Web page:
How Calls for Privacy May Upend Business for Facebook and Google

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How Calls for Privacy May Upend Business for Facebook and Google
Congress might pass targeted legislation to restrict consumer data use in specific sectors, such as a Senate bill
that would require increased transparency in online political advertising, said Daniel J. Weitzner, director of the Internet Policy Research Initiative at the Massachusetts Institute of Technology.
“This is the moment when Europeans turn to the state for protection
and answers, and are less likely than Americans to rely on the market to sort out imbalances.”
In May, the European Union is instituting a comprehensive new privacy law, called the General Data Protection Regulation.
“With the new European law, regulators for the first time have real enforcement tools,” said Jeffrey Chester,
the executive director of the Center for Digital Democracy, a nonprofit group in Washington.
Privacy advocates and even some United States regulators have long been concerned about the ability of online services to track consumers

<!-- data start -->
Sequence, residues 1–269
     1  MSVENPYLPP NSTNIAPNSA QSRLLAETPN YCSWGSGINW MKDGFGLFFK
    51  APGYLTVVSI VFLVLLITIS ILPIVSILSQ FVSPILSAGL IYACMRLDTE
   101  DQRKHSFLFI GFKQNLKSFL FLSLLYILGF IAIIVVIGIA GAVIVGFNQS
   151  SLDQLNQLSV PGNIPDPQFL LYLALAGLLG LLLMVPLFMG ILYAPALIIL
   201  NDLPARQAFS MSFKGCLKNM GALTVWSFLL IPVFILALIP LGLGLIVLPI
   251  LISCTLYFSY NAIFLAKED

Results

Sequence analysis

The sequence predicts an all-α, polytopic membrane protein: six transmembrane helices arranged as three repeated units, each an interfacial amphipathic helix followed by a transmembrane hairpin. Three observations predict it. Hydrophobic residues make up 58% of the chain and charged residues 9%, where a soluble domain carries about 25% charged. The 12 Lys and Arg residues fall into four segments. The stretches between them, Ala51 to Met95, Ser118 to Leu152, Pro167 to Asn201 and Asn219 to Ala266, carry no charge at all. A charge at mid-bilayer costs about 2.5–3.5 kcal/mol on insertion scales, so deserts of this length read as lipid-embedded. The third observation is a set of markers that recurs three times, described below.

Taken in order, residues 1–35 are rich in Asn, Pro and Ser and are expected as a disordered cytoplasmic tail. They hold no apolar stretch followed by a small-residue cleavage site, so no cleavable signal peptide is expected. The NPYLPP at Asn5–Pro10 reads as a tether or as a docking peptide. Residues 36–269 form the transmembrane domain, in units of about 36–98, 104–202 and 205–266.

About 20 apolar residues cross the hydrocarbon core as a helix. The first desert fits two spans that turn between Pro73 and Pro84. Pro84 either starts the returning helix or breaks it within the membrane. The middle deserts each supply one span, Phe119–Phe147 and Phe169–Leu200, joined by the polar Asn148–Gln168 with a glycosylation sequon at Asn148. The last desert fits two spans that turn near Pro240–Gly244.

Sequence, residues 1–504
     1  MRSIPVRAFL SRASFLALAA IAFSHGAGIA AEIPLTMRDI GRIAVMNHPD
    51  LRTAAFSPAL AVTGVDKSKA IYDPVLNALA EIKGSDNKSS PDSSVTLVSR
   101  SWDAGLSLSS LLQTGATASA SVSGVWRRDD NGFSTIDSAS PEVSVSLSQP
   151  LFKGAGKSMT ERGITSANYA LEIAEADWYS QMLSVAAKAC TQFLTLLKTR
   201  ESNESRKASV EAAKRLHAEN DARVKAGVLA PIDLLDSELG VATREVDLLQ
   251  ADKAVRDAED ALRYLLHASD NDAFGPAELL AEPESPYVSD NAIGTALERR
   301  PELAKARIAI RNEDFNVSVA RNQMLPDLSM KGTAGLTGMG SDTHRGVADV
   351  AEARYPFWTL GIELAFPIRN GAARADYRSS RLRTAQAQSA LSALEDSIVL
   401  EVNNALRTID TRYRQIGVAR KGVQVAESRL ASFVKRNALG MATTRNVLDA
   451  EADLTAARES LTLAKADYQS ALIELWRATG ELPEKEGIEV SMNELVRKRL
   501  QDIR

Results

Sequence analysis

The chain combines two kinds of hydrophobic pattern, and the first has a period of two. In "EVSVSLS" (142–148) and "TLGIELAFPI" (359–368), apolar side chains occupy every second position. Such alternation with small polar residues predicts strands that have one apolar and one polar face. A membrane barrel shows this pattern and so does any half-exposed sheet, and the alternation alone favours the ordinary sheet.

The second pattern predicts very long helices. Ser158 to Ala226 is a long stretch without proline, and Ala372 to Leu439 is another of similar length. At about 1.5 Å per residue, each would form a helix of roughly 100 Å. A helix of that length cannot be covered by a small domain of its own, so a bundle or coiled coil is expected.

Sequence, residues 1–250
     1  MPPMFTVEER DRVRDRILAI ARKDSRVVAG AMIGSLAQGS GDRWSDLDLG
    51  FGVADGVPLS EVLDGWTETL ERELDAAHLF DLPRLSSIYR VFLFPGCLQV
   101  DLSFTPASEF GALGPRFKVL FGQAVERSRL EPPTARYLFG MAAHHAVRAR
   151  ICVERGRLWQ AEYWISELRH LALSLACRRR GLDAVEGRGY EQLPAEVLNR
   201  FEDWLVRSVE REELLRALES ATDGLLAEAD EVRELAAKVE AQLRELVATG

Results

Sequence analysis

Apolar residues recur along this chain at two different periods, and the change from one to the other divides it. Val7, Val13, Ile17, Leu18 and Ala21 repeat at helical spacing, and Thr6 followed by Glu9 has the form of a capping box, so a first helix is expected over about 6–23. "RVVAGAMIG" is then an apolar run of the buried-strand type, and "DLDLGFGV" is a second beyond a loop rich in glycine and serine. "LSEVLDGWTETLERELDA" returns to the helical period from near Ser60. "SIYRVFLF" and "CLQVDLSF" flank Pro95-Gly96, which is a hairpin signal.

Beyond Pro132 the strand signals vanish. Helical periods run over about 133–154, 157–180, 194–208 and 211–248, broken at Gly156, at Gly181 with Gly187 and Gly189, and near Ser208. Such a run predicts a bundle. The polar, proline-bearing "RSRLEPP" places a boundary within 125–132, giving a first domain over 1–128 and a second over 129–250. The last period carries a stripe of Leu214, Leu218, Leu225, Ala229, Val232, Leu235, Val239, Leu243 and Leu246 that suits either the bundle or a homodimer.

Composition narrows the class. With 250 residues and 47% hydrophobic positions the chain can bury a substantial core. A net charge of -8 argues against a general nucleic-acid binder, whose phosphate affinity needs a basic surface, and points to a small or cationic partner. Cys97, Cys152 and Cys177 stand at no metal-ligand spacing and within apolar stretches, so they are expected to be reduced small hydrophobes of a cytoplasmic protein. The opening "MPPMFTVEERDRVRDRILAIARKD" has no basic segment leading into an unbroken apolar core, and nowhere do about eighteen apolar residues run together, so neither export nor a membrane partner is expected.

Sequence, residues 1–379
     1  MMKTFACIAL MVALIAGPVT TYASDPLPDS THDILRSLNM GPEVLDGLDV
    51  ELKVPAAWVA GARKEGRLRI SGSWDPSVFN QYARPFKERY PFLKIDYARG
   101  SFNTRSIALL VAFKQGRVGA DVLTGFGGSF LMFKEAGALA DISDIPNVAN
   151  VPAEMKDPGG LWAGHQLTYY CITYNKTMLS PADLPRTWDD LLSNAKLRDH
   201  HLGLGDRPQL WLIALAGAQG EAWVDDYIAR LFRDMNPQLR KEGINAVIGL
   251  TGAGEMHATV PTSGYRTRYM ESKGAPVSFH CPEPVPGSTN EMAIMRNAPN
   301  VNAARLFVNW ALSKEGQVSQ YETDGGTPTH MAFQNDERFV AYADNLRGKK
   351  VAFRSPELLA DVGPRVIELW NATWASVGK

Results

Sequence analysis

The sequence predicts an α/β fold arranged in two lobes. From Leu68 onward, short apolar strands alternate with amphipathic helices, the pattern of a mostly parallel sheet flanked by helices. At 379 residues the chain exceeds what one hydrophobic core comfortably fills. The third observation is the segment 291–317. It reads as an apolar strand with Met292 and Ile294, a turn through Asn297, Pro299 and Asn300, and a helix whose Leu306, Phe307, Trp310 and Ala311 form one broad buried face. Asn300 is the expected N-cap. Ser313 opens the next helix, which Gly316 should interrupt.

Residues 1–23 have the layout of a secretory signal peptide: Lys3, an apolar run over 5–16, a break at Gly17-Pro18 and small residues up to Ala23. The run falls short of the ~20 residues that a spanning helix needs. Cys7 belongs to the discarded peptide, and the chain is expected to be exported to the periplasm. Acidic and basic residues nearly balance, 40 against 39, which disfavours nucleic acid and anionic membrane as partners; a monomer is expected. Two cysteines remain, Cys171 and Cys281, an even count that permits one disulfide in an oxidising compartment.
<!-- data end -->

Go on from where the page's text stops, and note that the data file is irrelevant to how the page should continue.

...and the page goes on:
and make inferences about their financial status, health concerns and other intimate details to show them behavior-based ads.
“If your personal information can help sway elections, which affects everyone’s life and societal well-being, maybe privacy does matter after all.”
But some trade group executives also warned that any attempt to curb the use of consumer
data would put the business model of the ad-supported internet at risk.
Although many people had a general understanding that free online services used their personal
details to customize the ads they saw, the latest controversy starkly exposed the machinery.

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